If you’re the lucky recipient of a gift, how do you receive it? Get it wrong, and the whole exchange is soured.
You’d think it was easy, but gift giving is often a fraught affair, hedged round with expectations and social norms. Some people don’t know how to give; others never learn to give. Even when we’re following that golden rule, it can still fail.
During a writing group meeting, I once complimented a writer on her dialogue, which flowed on the page with the polished elegance that comes from a finely tuned ear. She smiled uncertainly and protested that it wasn’t that good – at all.
So we both felt bad. She felt undeserving of something good, and I felt as though she had thrown my words away. What made her react like that?
Given But Not Taken
Gracious acceptance is an art – an art which most never bother to cultivate. We think that we have to learn how to give, but we forget about accepting things, which can be much harder than giving…. Accepting another person’s gift is allowing him to express his feelings for you. Alexander McCall Smith
I’m certain that my writer friend would never throw a physical gift on the ground and walk away. But in refusing to accept the intangible gift of praise, she essentially did just that.
When parents and caregivers teach us to be polite, they leave out the most important skill in receiving. Politeness hides many a scowl of anger and disappointment, and its lack of authenticity is obvious even when cloaked in smiles and happy words.
The art of receiving a genuine gift (or even a fake one) is in understanding that when a gift is given it must also be taken. Both sides are necessary.
Learn to give without strings. A gift with conditions is at best a loan of something the giver still controls.
The art of receiving a gift is first in feeling worthy enough to be given something, and second in expressing genuine gratitude.
When given a compliment, are you:
embarrassed because you don’t deserve praise,
suspicious of their motives because they must want something from you, or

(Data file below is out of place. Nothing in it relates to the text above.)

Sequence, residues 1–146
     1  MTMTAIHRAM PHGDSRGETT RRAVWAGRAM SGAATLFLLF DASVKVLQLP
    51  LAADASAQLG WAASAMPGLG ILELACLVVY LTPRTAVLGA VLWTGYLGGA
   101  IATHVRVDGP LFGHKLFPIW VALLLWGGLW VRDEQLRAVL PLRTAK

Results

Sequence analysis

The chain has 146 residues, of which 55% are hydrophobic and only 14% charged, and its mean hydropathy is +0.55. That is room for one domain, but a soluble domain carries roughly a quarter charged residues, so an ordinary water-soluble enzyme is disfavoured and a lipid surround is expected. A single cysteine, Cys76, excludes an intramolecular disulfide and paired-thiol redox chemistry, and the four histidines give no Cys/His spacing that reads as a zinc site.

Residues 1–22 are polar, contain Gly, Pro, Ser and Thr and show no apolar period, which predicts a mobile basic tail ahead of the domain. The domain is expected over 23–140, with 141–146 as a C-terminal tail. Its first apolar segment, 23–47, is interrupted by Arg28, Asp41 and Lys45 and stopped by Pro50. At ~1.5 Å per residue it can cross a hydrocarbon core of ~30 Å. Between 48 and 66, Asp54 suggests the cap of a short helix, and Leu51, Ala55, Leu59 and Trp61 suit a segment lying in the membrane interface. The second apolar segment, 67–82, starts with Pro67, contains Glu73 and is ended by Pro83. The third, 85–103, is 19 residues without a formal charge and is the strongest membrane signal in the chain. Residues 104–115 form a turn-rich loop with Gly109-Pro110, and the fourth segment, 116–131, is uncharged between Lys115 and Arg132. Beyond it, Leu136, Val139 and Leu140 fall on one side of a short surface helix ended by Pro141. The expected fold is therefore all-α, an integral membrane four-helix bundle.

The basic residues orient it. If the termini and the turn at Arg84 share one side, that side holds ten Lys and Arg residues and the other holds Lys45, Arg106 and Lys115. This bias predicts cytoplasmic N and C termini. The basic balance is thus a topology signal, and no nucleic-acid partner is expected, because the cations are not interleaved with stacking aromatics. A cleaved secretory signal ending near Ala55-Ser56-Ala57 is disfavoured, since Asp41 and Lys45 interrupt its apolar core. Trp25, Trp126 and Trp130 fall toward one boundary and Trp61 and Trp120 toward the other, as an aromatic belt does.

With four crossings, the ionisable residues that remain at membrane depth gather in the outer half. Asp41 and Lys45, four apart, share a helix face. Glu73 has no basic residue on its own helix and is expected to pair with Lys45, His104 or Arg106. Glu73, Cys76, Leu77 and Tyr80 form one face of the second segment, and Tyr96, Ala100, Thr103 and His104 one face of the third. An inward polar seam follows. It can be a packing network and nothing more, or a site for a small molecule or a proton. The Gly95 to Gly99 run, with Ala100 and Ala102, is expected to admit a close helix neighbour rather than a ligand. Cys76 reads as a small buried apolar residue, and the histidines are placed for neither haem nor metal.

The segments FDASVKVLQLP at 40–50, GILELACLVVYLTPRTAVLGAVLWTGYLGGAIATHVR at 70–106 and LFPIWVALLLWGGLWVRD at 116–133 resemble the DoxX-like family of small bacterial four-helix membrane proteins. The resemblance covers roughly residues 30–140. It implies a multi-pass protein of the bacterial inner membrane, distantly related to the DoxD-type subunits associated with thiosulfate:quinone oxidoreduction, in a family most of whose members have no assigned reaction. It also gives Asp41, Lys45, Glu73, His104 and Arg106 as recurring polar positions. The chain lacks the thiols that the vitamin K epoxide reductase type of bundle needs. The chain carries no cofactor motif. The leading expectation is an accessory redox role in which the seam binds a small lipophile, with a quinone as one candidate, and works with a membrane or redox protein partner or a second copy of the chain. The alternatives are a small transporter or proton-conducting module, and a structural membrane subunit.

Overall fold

angry because they’re clearly mocking you?
These emotions have their roots in old programming and/or traumatic events that you’re holding on to in the present.
Think back to the last such encounter and examine your feelings. There’s often an old memory attached that still shapes your behaviour in the present. Perhaps you were taught that taking things was selfish, accepting praise was a sin of pride, or simply that compliments weren’t for people like you.
To rewrite this script, here is one thing you need to accept about yourself.
You are worthy.
You are good enough, so is your work, and you deserve the rewards you receive. Whether it’s a yummy cupcake, a well-written report, or a project delivered on budget and on time. So accept that compliment. If you refuse it either outright or by deflection, you hurt both parties.
As interactions become more transactional and less genuine, dysfunctional gifting can be seen as a microcosm of a wider problem. When your gift is covertly rejected, you become cynical. There seems no point in giving, so you restrict yourself to exchanges that directly benefit you in some tangible way. When you refuse a gift, you replay an old script that says you are unworthy. You add to your burden of self-doubt.
The donor is hurt because rejection robs them of the pleasure of giving. You hurt yourself because you reinforce old lies that whisper you shouldn’t have nice things. And an exchange that could start to heal those wounds is wasted.
Take The Box
After all, you must have a capacity to receive, or even omnipotence can’t give. CS Lewis
It’s easy to fall into a trap of feeling under-appreciated while simultaneously refusing credit where it’s due. Hidden under the guise of humility or self-deprecation, this form of self-sabotage eats away at self-esteem unseen. It’s time to find a better way.
Next time someone says something good about you, remember you’re being offered a gift. Don’t walk away or bad-mouth it. You know how you’d like your gift to be received. Make eye contact, smile and thank the giver sincerely. There’s no need to explain more. Don’t follow up with how hard you found it, or minimise your efforts. Don’t give away the gift by saying anyone could have done it.
There is no giving without taking. They complement and define each other.
Stay in the moment and acknowledge the gift. When you do that, you honour both the giver and receiver. That’s the gift you give back.
What’s the one thing that you and every other writer want?
You might answer money, fame, critical acclaim, autonomy, or something else. All these boil down to one need: validation. As humans and creatives, we want to feel that we matter, that our work matters, that we have made a mark, no matter how small or fleeting.
Too often you don’t get it.